Wednesday, August 31, 2011

NASA names new fellowship after prominent female astrophysicist

Yesterday, I received the following announcement in my inbox:

ROSES-11 Amendment 23: New proposal opportunity: Appendix D.9,  The Nancy Grace Roman Technology Fellowship (RTF) Program in  Astrophysics

A new NASA program, The Nancy Grace Roman Technology Fellowship Program in Astrophysics, is named after a very a very distinguished American astronomer. Nancy Grace Roman's celebrated career included multiple scientific and technical achievements at NASA and her important contributions to the design of the Hubble Space Telescope.

From the announcement:

The goals of the Nancy Grace Roman Technology Fellowship (RTF) program in Astrophysics are to give early career researchers the opportunity to develop the skills necessary to lead astrophysics flight instruments/projects and become principal investigators (PIs) of future astrophysics missions; to develop innovative technologies that have the potential to enable major scientific breakthroughs; and to foster new talent by putting early-career instrument builders on a trajectory towards long-term positions.
This is a 5 year fellowship, which is the most substantial NASA astrophysics fellowship to date, compared to the typical 2-3 year awards that have previously existed.

This is really great news for Astrophysics.  Why?  First it is a new early career fellowship - these are very important to those of us just starting out in our careers.  Second, it is named after a woman.  This matters.  Celebrating brilliant women in physics helps future female physicists know that they are welcome to the field.  Physics is truly lacking in equal participation by women and we are missing a key source of intelligence, brilliance, and creativity in our field by not having equal participation by women.  So, thank you NASA!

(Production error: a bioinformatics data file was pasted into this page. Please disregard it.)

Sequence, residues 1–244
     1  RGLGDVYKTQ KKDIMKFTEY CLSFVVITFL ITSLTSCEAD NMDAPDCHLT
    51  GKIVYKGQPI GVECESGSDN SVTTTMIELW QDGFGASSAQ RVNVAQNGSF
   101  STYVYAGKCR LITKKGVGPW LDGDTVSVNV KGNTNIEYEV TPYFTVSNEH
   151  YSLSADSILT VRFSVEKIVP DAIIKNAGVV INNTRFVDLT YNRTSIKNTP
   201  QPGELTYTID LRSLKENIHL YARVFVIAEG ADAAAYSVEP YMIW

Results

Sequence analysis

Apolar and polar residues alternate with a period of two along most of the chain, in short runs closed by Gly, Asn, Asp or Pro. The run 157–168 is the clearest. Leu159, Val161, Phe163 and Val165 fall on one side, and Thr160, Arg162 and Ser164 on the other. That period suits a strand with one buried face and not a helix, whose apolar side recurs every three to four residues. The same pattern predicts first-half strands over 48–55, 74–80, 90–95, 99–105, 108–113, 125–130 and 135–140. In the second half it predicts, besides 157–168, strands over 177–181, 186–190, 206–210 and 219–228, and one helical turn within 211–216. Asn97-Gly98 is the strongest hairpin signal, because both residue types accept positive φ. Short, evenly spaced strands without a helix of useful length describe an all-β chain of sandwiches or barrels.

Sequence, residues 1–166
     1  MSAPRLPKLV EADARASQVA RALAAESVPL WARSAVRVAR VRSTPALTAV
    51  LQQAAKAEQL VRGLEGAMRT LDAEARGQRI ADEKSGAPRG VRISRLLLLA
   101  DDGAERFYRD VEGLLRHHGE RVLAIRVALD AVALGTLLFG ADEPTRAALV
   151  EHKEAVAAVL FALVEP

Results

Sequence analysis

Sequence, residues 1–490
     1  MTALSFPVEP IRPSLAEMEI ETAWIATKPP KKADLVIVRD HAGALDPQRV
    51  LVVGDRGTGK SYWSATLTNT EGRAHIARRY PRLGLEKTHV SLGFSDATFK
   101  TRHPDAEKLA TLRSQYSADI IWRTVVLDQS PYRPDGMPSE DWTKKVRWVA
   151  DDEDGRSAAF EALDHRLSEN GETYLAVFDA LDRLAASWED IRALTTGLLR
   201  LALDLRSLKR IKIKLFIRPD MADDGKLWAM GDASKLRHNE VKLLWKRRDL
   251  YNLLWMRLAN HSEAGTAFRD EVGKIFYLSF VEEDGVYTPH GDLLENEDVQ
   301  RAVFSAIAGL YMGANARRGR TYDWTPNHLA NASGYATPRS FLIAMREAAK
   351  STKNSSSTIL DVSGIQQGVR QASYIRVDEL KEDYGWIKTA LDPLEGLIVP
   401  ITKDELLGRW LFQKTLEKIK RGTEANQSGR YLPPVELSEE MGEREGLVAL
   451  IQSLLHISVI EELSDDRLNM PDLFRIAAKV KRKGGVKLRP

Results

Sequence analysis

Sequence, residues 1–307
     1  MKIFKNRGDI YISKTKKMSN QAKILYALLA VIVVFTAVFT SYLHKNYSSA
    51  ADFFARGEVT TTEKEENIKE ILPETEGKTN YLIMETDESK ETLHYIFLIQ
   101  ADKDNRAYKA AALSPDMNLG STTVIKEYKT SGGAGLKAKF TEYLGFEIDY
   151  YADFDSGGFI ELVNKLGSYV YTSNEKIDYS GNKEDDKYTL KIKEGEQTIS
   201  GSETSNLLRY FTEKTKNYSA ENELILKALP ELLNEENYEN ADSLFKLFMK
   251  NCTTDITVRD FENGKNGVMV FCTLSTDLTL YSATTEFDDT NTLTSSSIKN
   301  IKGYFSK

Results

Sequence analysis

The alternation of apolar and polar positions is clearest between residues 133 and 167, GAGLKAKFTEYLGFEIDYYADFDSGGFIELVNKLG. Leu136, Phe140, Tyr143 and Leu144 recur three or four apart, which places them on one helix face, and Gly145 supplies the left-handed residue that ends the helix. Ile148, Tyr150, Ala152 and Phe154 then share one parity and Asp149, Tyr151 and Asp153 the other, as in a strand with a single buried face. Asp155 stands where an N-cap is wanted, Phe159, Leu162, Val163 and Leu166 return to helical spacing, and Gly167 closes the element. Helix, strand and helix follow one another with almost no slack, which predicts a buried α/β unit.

Tuesday, August 23, 2011


So, I have been sort of in a rut lately.  From a work standpoint and a personal standpoint. For work, I am a physicist, but I rarely get to sit down and do any physics.  My days are taken up by writing papers (not research), fixing other people's problems (not research), reporting my lack of progress on my research, and editing papers for other people (not research).  It can sometimes really annoy me.

On top of this all, I constantly am feeling quite guilty about living 1000 miles from both my family and my wife's family.  My kids only get to see my parents about 2 times a year and they get to see my wife's mother about 4 times a year.  Not all that often.  And it is all because of me.  I chose to be a physicist and I chose to take a postdoc 1000 miles from my family.  Now, to be honest, it was the only job offer I had.  Though, it was my dream offer, so I still feel guilty because I would have picked it no matter what I was offered (most likely).

This guilt has left me feeling like where I have lived for 3 years is not home.  I have never taken an interest in my neighborhood, the town or the region.  I really don't have any close friends outside of work and have never really felt the need to have them.  Why?  Because I don't view this as home yet. 

So, sometimes things just start to pile up on my emotionally.  I don't have a lot of outlets to get away to - everything I do is with my wife and kids.  No close friends - no hang outs - no nothing really.  Don't get me wrong - my wife and kids are great.  But even just once a month - to be able to get out and away - would be priceless.  It is my fault really - I don't ever make the effort to meet people or connect with the people I do happen to meet.

This all starts to add up and affect me in ways I don't always see.  For the last month or so, and especially the last week, I have been incredibly irritable.  Snapping at the kids and wife.  Don't get me wrong, I have never been a person who really thinks before responding.  I say things without thinking all the time. I wear my heart on my sleeve and you can quickly and correctly ascertain my mental state simply by the look on my face.  I don't really have an inner firewall that stops me from saying stupid and hurtful shit.  It just comes out. 

It is usually not a problem because I am usually a very easy going, laid-back person.  In general, I am very happy and so that cruelness that I have had lately is so very surprising to me.  So, I have spent the last few days - since Thursday really - trying to pin it down - where is it coming from?  I think it is that I just don't have any releases anymore.  I don't have any outlets other than talking with my wife.